Tips for Teaching Trombone – Readers’ Collaborative Post
In our recent survey, we asked Band Directors Talk Shop readers, “What is your very best advice for teaching trombone?” With hundreds of responses to the survey, we came up with this categorized list of your answers. Thanks so much to all of our readers who took time to fill out the survey. Keep an eye out for more Readers’ Collaborative Posts in the future
What is your very best advice for teaching trombone?
Use Your Ears
- LISTEN—question young students often about what they hear.
- Match pitch with a drone to help with the ear training portion.
- Don’t try to match slide positions, have students also match pitch.
- Sing notes while moving the slide (not only do they need to hear the pitches, they are also learning bass clef for the first time).
- Sing, buzz, play.
- Fast slide WITHOUT marking the positions with fingers and USE YOUR EARS to determine accurate slide positions, not markings with the bell since every trombone and player are different.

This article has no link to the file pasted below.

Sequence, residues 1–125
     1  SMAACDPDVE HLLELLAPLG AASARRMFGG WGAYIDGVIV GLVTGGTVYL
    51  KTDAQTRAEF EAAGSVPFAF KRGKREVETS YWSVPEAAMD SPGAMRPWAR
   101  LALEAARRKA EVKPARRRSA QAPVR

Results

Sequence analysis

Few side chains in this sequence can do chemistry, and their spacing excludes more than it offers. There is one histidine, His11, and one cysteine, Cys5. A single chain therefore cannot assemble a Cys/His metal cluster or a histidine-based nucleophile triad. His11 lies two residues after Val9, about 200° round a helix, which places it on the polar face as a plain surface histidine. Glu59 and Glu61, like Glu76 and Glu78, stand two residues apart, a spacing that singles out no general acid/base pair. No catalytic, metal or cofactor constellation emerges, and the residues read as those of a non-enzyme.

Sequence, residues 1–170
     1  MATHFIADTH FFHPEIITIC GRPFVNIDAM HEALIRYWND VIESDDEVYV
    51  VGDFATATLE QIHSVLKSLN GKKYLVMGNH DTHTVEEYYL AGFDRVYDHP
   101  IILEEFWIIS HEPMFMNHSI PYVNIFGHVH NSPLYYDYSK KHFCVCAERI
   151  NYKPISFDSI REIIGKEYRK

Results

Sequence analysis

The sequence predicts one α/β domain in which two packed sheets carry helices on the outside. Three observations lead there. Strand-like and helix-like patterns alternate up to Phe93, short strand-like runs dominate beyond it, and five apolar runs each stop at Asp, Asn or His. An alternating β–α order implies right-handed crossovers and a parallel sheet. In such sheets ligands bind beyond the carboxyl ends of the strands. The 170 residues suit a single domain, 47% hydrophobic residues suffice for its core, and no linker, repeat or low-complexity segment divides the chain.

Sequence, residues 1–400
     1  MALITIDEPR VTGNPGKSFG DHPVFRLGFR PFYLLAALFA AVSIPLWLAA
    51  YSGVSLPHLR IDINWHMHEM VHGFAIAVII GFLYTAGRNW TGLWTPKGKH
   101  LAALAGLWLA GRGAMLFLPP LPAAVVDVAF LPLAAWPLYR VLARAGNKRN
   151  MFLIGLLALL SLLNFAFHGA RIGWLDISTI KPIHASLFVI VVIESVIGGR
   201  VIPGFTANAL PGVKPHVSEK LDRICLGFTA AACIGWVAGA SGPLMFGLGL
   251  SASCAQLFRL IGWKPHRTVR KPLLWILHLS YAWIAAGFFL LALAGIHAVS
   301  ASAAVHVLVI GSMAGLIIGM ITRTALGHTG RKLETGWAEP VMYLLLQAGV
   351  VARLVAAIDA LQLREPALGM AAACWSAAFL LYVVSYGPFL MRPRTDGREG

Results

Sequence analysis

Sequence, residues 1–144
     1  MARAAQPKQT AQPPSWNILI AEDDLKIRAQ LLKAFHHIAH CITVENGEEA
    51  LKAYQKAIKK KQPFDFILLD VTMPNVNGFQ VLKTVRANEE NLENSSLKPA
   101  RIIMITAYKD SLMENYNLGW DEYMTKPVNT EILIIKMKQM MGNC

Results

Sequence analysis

- Explain that the slide moves at the same speed no matter the tempo of the music.
- Flat notes are odd positions.
- Second position is from tip of thumbnail to first knuckle (an inch of silver showing).
- Movement of slide should initiate from wrist, not the elbow. Tip of fingers should hold slide (no clamping).
- Set up the slide grip properly.
- Slide technique must include fingers and wrist first.
- Slide positions are a guide – teach ear training so they can adjust to what they hear.
- Big, big sounds early. Refine the sound later.
- Open Teeth.
- The idea of creating a sound by playing on the instrument and not just the mouthpiece.
- Make sure they are keeping the inside of their mouth open – “Doh”
- Blow through the horn, not just into it. Play as if your air has to move the flag on the other side of the room.
- Blow your air all the way through the instrument, not just the mouthpiece.
- Blow your air to push through 10 feet of tubing & out the bell.
- Do more glissandos from the beginning. Buzzing the mouthpiece is good, but having them doing “fun glissandos” seems to get them stretching their embouchure more.
- It is all about air support and fun to make slidy noises that nobody else can do.
- Da tongue, sometimes la tongue for legato playing.
- Lip slurs as early as possible. We wrote a stepped series of lips slurs that started them as soon as they were solid on producing tone and worked them sequentially until by the end of year 1 they had a full lip slur warm up at their level. Game changer!
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